The Problem with Pleasure by Laura Frost
Modernism and Its Discontents

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While aimed at academic audiences and undeniably trendy in its exploration of affect, this is an original and useful revision to our understanding of modernism.
-Publishers Weekly

Synopsis

Aldous Huxley decried “the horrors of modern ‘pleasure,’” or the proliferation of mass produced, widely accessible entertainment that could degrade or dull the mind. He and his contemporaries, including James Joyce, T. S. Eliot, Gertrude Stein, D. H. Lawrence, and Jean Rhys, sought to radically redefine pleasure, constructing arduous and indirect paths to delight through their notoriously daunting work. Laura Frost follows these experiments in the art of unpleasure, connecting modernism’s signature characteristics, such as irony, allusiveness, and obscurity, to an ambitious attempt to reconfigure bliss.

In The Problem with Pleasure, Frost draws upon a wide variety of materials, linking interwar amusements, such as the talkies, romance novels, the Parisian fragrance Chanel no. 5, and the exotic confection Turkish Delight, to the artistic play of Joyce, Lawrence, Stein, Rhys, and others. She considers pop cultural phenomena and the rise of celebrities such as Rudolph Valentino and Gypsy Rose Lee against contemporary sociological, scientific, and philosophical writings on leisure and desire.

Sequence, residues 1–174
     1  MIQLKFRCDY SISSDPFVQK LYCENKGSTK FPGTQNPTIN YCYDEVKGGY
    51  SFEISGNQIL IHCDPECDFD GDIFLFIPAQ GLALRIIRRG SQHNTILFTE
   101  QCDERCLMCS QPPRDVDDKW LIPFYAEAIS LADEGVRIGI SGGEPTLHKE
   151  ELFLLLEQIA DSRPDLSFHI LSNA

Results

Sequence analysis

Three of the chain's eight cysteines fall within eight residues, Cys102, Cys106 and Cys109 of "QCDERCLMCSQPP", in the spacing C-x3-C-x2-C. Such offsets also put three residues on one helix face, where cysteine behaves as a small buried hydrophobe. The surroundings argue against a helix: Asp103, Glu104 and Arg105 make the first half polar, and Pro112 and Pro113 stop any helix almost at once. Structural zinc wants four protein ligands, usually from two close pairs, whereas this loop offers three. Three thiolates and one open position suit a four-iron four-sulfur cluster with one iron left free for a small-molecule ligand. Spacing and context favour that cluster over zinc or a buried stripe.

Throughout her study, Frost incorporates recent scholarship on material and visual culture and vernacular modernism, recasting the period’s high/low, elite/popular divides and formal strategies as efforts to regulate sensual and cerebral experience. Capturing the challenging tensions between these artists’ commitment to innovation and the stimulating amusements they denounced yet deployed in their writing, Frost calls attention to the central role of pleasure in shaping interwar culture.
 

About Laura Frost

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Laura Frost is associate professor of literary studies at The New School. The author of Sex Drives: Fantasies of Fascism in Literary Modernism, she writes about modern and contemporary literature and culture.
 
Published June 18, 2013 by Columbia University Press. 306 pages
Genres: History, Travel, Literature & Fiction. Non-fiction
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Publishers Weekly

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on May 13 2013

While aimed at academic audiences and undeniably trendy in its exploration of affect, this is an original and useful revision to our understanding of modernism.

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